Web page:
* Some large European banks may be unprepared to deal with the effect of interest rate rises, the European Central Bank has concluded after a stress test, owing to miscalculations of derivative exposures, depositor loyalty or the estimated value of their own assets in changing market conditions. The regulator might go as far as demanding additional reserve capital from the banks it deemed the least prepared.
* Italian Finance Minister Pier Carlo Padoan has weighed in on the ECB's plan to force banks to set aside more cash to cover newly classified bad loans, saying he had "doubts" about the proposal, the Financial Times reported. Meanwhile European Parliament President Antonio Tajani, an Italian national, told ECB President Mario Draghi he was "deeply concerned" about the decision-making process around the new guidelines, the newswire reported.
UK AND IRELAND
* Authorities in Indonesia are investigating reports that Standard Chartered Plc transferred $1.4 billion of assets, primarily on behalf of Indonesian clients, from Guernsey to Singapore just months before the Channel Island adopted new rules on the exchange of tax data, Reuters reported.
* The British government is likely to wait for Royal Bank of Scotland Group Plc to settle a potentially hefty fine with the U.S. Department of Justice over its alleged mis-selling of mortgage-backed securities before selling its 71% holding in the lender, insiders told the Financial Times.
GERMANY, SWITZERLAND AND AUSTRIA
* Deutsche Bank AG CEO John Cryan is losing the support of some of the lender's investors amid increasing frustration about the slow progress of his turnaround plans, Bloomberg News reported. Three of the bank's 10 largest stakeholders said they want to see an improvement in the next few quarters, particularly in the lender's trading business.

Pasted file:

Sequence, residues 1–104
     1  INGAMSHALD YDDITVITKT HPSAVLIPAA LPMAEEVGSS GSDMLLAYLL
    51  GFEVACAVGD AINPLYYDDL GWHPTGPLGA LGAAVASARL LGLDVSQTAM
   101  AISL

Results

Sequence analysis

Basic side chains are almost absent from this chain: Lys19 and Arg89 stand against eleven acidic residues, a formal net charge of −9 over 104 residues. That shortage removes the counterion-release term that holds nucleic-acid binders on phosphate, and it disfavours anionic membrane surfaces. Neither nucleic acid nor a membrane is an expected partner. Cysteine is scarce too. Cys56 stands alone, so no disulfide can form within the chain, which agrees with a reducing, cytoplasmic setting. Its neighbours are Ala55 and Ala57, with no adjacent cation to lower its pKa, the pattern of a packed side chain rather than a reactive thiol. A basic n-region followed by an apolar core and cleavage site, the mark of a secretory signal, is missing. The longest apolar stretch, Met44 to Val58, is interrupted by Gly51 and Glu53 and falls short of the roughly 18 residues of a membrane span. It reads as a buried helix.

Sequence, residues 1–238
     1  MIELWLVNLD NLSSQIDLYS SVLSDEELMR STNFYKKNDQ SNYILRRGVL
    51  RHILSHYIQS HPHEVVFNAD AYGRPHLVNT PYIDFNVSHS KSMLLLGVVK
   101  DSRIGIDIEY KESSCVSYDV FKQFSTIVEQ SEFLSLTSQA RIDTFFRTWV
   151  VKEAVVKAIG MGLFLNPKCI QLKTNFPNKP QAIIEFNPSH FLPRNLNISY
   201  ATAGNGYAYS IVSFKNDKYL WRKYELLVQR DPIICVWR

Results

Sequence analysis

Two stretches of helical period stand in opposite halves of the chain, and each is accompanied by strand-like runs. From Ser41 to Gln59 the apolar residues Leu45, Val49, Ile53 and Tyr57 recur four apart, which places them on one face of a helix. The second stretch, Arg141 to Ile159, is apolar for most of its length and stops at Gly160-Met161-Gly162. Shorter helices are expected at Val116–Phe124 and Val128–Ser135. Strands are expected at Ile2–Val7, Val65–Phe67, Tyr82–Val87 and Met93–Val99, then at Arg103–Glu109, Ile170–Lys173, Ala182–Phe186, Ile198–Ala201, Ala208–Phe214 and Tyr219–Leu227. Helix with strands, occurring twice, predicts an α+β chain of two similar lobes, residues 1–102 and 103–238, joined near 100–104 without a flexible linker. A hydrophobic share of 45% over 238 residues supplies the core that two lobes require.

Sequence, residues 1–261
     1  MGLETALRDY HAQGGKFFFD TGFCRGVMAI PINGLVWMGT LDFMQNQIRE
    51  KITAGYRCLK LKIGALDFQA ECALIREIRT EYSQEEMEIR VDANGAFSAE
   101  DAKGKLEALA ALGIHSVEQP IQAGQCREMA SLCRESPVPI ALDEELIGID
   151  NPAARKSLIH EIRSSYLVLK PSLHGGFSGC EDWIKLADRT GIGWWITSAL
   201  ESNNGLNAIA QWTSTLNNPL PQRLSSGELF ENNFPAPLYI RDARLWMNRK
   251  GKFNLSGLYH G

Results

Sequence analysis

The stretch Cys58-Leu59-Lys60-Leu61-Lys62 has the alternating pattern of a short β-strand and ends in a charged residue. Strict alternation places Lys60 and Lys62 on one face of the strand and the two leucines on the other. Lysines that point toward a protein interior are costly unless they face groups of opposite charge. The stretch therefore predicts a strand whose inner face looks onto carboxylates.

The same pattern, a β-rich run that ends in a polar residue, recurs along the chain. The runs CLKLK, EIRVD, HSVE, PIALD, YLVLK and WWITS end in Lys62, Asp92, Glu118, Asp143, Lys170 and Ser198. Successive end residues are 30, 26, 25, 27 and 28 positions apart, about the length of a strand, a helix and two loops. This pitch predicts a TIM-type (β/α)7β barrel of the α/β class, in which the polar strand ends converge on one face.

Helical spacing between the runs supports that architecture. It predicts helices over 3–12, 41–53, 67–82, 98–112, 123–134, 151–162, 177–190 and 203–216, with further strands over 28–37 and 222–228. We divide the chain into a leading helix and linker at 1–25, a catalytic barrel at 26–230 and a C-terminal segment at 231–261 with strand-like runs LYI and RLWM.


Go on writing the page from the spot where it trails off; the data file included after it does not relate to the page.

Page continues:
* Deutsche Bank plans to provide an aligned trading platform for funds managers to ease the transition to new new MiFID II regulations, Bloomberg News reported.
FRANCE AND BENELUX
* Dutch Finance Minister Jeroen Dijsselbloem will resign as president of the Eurogroup by mid-January, Het Financieele Dagblad reported. Dijsselbloem, who has chaired the group of finance ministers of eurozone countries since 2013, is leaving after his party, the social-democratic PvdA, suffered a heavy defeat in the Dutch general elections in March.
* French financial regulator AMF has made two insider trading cases public, Les Echos reported. One involved a Deutsche Bank subsidiary located in London, which was accused of market manipulation on a series of CAC 40 shares in 2012 and 2013 and agreed to pay a €300,000 fine.
SPAIN AND PORTUGAL
* Amid political turmoil in Spain and Catalonia's possible secession, CaixaBank SA's insurance unit VidaCaixa and investment funds management company CaixaBank Asset Management will transfer of their registered offices from Barcelona to Madrid, Expansión reported.
* Banco Bilbao Vizcaya Argentaria SA will today pay out a 9 euro cents gross dividend charged for 2017, the first time it has distributed a dividend following the end of its scrip dividend program, Europa Press reported.
* After an eight-year absence from the debt markets, Caixa Económica Montepio Geral caixa económica bancária SA successfully issued €750 million of covered bonds, surpassing the initial offer by five times, Economia Online reported.
ITALY AND GREECE
* Deutsche Bank SpA is dividing its business into two structures, one focused on advisory clients and one on retail and small business clients, MF reported.